Skip to main content

Interdisciplinary training in systems biology

Final Activity Report Summary - SYSTEMS BIOLOGY (Interdisciplinary training in systems biology)

The overall goal of this project was to provide advanced training to early-stage researchers in systems biology. Systems biology aims at the determination and understanding of the properties / phenotypes that emerge through the interaction of biomolecules, genes, cells and tissues. Those properties cannot be predicted from those of the individual biomolecules (or other types of units). Systems biology uses a combination of experimental and mathematical approaches to achieve a deeper understanding of the function and operation of pathways, cells, organs and entire organisms. Systems biology is generally cited to have enormous potential in future biological research and in medicine for developing predictable treatment regimes.

This interdisciplinary approach to research field requires a generation of scientists trained in experimental and mathematical / computational biology, i.e. the so-called new biologists. Such scientists should ideally be able to perform experiments and generate mathematical models related to their research question, or at least they should understand how to combine modelling and experimentation.

The project has trained for a period of at least 36 months each five young researchers (PhD students) at each of its participating groups. In addition, sixteen young researchers received shorter training of several months at one of the partners. The total number of person / months reported was 246, which falls slightly short of the initially planned 300 person / months. The reasons for this incomplete spending were inability of some participating groups to recruit students for short-term stays as well as the premature death of one participating PI.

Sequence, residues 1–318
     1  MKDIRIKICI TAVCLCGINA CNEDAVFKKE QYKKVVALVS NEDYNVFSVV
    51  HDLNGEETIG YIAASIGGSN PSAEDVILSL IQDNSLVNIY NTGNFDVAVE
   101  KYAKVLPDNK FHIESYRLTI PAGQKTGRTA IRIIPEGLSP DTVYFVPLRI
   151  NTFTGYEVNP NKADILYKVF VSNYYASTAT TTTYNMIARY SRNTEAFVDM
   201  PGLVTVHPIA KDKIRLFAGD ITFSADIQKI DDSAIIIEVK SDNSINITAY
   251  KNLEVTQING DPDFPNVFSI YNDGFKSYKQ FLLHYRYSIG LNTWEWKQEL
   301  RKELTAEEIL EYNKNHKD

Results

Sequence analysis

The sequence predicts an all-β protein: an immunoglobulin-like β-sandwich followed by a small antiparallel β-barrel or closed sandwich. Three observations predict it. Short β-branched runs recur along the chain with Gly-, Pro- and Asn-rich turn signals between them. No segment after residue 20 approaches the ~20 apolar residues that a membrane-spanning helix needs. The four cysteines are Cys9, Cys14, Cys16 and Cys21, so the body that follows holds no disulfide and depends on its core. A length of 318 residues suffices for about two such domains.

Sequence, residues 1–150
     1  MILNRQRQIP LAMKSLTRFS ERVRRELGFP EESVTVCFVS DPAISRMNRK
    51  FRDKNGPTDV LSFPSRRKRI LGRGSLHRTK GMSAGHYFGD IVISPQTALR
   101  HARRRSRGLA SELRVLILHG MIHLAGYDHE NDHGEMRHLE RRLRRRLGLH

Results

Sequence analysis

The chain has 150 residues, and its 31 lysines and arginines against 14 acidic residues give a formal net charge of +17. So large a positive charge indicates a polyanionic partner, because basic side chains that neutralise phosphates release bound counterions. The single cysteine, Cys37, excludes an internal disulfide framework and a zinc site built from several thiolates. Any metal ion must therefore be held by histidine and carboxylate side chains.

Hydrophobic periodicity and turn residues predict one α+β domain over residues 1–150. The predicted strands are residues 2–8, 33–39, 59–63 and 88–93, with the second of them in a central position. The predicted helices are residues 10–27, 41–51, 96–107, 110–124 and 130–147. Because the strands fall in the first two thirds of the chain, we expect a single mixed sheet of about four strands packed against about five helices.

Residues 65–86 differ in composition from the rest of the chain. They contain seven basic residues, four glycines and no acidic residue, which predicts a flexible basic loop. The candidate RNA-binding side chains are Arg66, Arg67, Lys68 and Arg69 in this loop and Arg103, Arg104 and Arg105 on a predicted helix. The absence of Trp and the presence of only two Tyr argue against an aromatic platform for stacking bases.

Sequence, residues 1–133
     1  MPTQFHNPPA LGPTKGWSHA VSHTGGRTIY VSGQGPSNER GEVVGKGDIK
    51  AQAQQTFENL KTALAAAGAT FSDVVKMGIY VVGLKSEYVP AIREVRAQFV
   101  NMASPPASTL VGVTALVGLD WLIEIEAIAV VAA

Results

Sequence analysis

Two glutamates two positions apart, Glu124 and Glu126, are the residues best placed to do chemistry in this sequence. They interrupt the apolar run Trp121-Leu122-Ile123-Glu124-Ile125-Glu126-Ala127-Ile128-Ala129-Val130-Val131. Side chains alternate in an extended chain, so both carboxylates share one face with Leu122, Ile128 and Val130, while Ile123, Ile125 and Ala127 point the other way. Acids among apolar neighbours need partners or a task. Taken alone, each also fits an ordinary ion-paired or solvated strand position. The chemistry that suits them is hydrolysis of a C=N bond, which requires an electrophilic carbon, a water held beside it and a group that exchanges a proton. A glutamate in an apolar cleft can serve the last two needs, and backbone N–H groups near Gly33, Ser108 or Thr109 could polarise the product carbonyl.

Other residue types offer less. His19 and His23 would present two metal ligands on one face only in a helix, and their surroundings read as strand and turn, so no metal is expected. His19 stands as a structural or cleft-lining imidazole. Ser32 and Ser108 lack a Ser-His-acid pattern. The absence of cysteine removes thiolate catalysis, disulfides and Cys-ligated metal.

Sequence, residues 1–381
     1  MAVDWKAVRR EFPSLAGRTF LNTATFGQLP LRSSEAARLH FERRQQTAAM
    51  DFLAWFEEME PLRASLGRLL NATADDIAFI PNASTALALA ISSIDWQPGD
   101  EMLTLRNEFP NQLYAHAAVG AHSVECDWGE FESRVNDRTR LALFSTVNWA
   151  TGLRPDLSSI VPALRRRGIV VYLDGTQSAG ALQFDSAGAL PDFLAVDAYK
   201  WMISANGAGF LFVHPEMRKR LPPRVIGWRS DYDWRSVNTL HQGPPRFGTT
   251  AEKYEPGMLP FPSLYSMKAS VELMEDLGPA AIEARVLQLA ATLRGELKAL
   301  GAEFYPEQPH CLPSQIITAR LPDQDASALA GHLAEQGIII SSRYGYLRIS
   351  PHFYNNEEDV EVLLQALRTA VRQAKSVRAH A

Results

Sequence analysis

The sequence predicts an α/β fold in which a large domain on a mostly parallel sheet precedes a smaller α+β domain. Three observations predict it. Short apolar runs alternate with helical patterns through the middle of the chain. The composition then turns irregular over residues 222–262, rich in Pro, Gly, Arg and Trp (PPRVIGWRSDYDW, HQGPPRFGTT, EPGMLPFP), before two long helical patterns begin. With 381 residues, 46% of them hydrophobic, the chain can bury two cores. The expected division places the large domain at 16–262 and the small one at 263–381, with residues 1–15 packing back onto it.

This project has made extensive use of resources and expertise from:
(1) Gothenburg: research groups at the University of Gothenburg (GU) and Chalmers University of Technology being part of the 'national research school for genomics and bioinformatics'. Teams that actively took part in training included those of S. Hohmann, T. Nyström (GU) as well as O. Nerman (Chalmers).
(2) Berlin: The graduate school 'dynamics and evolution of cellular and macromolecular processes' and the 'Berlin centre of genome based bioinformatics', with groups from the Humboldt University Berlin, the Max-Planck Institute for Molecular Genetics plus additional centres. Teams that actively took part in the project were those of R. Heinrich (who unfortunately deceased in fall 2006 half way into the project) and E. Klipp (MPI, now in the position previously hold by R. Heinrich).
(3) Amsterdam: The research school 'Biocentrum Amsterdam', a joint venture of the Universiteit van Amsterdam (the Swammerdam Institute for Life Sciences, Faculty of Science) and the Free University of Amsterdam. The group involved is headed by R. van Driel. The EST project contributed to structuring the field of systems biology in Europe such that its scientific and socio-economic potential can be used to address important goals of European policies in the health and life sciences.

With support from the European Commission (EC) the project could mobilise resources from national and regional funding bodies to make Europe an attractive place for pursuing a research carrier. Examples of important activities linked to the training project and where fellows participated and profited include: The international course on yeast systems biology held in 2005, 2007, 2008 (and continued). Dedicated courses for this programme in the years 2006, 2007 and 2008. The workshop 'Numbers to the models' held in Gothenburg in 2005 (150 participants). The international conference on systems biology held in Gothenburg 2008 (1 050 participants). Fellows also profited from numerous international activities driven by the participating groups, including EC-funded projects such as QUASI, AMPKIN and UNICELLSYS.